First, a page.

We did go out for more groceries Friday evening, and ended up with extra food, water, and Gatorade. We'd also put lots of ice in the cooler, so perishable leftovers were no big deal.

I did screw up and forget the hole punches when I was packing the tools up. I don't know how I managed that. Fortunately, it didn't turn out to be a big problem. I was going to work on my new bag, but I decided the leather strips I brought for buckles were thicker than I wanted to use. Ron and Xap got some belts braided, which just need to have rings riveted on - since we didn't have hole punches to make the holes for the rivets.

We stopped at a Cracker Barrell for dinner, and ran into the biggest annoyance, for me, of the day - too much black pepper in the roast beef/pot roast. I don't mind pepper, but this was ridiculous. And I was tired enough that I forgot to say something when I paid the bill (not to get the bill reduced, just to let management know).

Got home, Robin brought the cooler in, I bought an EP set of four songs by a group called "Red Hot Chilli Pipers" that a lady had recommended (rock and roll pipes and drums, Robin wants more, thankyouverymuch), unloaded the cooler, showers, and bed.

Yesterday we were almost but not quite slugs. We did go to the MuseCon meeting where other ConCom members helped with ideas for book cover/shirt art for both this year and next. during and after the meeting I worked on finishing a pair of kilt hose for Ron, and then wound the next batch of yarn.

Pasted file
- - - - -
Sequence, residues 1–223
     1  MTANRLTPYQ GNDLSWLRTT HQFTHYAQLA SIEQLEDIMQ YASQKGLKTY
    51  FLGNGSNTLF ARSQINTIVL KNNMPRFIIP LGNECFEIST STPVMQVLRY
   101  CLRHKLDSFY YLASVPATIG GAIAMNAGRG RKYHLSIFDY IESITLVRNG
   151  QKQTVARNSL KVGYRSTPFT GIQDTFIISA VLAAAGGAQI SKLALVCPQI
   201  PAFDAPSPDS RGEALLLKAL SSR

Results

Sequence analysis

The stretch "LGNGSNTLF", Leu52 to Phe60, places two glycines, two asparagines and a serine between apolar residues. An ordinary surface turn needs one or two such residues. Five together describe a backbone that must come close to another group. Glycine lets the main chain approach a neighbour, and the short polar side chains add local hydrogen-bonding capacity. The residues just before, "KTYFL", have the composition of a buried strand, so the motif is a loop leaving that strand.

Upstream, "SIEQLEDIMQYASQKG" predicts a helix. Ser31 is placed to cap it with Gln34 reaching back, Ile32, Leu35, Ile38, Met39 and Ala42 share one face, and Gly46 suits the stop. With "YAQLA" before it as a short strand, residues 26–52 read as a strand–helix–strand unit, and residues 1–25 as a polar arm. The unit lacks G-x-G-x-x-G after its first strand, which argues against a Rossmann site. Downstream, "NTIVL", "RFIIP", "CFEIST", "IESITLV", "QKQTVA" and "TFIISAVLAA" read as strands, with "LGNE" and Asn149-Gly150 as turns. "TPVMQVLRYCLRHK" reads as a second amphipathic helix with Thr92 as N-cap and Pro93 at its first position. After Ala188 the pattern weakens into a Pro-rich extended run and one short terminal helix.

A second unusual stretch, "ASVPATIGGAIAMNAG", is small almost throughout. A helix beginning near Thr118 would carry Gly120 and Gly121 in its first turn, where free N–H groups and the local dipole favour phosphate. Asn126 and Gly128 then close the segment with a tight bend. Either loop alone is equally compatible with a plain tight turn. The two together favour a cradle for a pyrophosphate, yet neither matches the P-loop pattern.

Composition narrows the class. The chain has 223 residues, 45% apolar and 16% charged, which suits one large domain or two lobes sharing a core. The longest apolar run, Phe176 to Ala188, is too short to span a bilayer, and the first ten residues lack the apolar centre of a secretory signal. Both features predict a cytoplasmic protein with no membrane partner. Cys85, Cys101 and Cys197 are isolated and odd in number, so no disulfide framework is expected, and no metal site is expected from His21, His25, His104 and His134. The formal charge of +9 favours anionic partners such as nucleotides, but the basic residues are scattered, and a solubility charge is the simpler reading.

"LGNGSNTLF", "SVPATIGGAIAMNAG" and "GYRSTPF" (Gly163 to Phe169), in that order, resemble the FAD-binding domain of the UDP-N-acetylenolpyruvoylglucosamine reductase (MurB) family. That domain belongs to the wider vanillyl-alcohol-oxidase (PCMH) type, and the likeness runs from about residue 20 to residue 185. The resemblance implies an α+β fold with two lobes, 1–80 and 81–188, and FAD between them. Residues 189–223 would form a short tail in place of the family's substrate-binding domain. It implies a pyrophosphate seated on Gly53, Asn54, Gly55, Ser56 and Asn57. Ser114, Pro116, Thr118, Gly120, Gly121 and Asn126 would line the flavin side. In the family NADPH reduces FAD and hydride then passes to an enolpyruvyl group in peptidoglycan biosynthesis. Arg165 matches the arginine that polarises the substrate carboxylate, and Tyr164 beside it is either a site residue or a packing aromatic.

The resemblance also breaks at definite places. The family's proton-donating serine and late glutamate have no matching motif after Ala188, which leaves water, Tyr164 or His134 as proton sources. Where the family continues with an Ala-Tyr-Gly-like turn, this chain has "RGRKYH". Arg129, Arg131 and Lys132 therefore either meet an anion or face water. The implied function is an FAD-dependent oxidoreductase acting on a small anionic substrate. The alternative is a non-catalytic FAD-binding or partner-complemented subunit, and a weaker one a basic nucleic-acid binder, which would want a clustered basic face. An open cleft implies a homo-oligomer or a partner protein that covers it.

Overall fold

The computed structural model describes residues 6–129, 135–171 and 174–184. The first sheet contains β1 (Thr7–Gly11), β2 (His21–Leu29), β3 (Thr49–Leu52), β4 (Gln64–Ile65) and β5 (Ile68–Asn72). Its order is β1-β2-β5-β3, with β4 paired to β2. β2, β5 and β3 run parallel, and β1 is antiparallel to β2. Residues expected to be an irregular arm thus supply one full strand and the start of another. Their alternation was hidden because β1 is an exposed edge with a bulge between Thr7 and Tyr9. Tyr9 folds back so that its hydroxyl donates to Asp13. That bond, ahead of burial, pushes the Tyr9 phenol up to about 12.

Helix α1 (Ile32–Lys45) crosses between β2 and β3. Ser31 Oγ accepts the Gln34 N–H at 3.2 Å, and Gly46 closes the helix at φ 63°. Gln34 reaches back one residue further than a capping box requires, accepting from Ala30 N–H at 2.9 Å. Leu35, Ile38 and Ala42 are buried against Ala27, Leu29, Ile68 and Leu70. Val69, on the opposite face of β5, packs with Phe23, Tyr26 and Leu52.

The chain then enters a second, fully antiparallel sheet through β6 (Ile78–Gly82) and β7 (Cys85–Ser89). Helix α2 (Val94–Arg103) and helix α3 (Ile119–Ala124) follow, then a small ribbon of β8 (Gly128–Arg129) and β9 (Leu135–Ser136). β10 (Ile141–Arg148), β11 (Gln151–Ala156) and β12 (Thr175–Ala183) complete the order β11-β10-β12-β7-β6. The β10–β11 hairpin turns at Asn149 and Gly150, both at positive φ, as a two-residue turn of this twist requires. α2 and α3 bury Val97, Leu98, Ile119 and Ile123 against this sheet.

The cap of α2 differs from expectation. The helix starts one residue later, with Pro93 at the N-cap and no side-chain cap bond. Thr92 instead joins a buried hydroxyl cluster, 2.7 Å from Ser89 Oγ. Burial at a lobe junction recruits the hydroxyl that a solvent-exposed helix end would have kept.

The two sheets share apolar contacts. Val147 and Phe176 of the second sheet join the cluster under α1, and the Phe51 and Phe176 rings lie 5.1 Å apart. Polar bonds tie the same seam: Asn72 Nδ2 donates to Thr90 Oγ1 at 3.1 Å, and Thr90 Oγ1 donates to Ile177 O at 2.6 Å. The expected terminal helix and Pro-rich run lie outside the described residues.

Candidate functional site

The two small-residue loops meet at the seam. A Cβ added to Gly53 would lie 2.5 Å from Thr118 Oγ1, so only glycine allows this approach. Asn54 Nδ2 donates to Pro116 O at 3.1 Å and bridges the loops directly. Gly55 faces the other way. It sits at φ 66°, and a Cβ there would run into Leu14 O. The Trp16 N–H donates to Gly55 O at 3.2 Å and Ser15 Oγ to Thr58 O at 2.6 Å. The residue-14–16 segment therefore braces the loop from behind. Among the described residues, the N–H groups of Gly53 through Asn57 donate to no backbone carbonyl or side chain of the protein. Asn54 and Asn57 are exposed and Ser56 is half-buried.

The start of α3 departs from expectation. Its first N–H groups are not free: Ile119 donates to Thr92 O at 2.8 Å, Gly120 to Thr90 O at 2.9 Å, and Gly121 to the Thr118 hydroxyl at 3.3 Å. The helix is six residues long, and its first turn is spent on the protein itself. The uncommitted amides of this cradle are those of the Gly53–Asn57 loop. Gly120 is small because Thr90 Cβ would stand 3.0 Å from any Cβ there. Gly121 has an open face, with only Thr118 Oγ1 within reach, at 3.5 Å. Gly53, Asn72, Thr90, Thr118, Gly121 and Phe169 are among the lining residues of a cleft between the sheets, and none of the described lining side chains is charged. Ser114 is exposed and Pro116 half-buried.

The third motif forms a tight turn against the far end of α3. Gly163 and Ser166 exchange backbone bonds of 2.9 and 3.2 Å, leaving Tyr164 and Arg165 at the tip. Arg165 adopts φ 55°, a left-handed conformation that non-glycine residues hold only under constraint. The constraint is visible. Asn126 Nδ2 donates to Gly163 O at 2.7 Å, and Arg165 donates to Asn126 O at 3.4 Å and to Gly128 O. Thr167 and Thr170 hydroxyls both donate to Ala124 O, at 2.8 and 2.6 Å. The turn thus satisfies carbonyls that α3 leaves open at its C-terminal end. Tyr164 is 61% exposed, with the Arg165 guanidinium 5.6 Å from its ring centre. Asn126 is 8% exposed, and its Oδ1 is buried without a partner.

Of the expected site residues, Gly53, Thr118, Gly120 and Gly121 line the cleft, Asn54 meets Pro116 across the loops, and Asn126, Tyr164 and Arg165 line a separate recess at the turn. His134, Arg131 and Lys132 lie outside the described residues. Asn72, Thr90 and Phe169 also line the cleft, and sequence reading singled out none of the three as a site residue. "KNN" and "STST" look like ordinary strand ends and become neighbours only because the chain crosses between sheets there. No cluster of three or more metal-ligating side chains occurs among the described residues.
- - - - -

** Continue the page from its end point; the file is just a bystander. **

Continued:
Friday, June 15, 2012

More to Do...

I'm glad I looked at the website again for the event tomorrow. The lunch entrees are roasted chicken legs and mac & cheese.

Ron doesn't like chicken (or any other meat) that involves dealing with bones, and the lactose intolerance thing is not a happy pairing with mac & cheese.

Looks like we'll be going back to the grocery store tonight. And definitely taking the big white cooler . . .

Bits & Pieces

I was going to entitle this "evens and middles" as an opposite to "odds and ends", but it just didn't work. FWIW.

The new e-track and assorted other things arrived yesterday. Ron had told Robin that he would need to unload the trailer at some point in order to install it (getting it done last night or tonight is Right Out), then Xap and I had an attack of great minds thinking alike and both suggested that he install the e-track tomorrow, while the trailer is unloaded. We have battery-operated power tools, so that's the plan. Excuse me while I call Robin to make sure he's charging batteries . . .

Besides ordering e-track and fittings, I actually bought pre-made tent stakes. Modelmaker may harass me, since we have a forge and know how to use it, but at $5.50 for a 24" long 5/8" diameter stake, I decided lazy won. And wow, those are long hefty stakes! ( They don't have a full hook, but I think they have enough to use our stake-puller. I expect we'll find out tomorrow.